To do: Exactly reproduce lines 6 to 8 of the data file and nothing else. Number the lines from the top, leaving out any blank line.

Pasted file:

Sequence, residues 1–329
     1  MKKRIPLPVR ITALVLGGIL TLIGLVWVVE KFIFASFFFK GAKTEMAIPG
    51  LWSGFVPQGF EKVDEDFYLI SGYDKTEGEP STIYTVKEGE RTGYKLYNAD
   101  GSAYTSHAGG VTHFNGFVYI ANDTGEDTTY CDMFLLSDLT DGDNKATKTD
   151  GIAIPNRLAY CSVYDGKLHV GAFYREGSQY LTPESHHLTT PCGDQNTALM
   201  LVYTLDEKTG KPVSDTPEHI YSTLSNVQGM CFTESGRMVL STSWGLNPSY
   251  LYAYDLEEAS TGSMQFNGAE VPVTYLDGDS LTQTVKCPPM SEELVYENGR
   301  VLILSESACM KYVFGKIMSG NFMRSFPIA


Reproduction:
   201  LVYTLDEKTG KPVSDTPEHI YSTLSNVQGM CFTESGRMVL STSWGLNPSY
   251  LYAYDLEEAS TGSMQFNGAE VPVTYLDGDS LTQTVKCPPM SEELVYENGR
   301  VLILSESACM KYVFGKIMSG NFMRSFPIA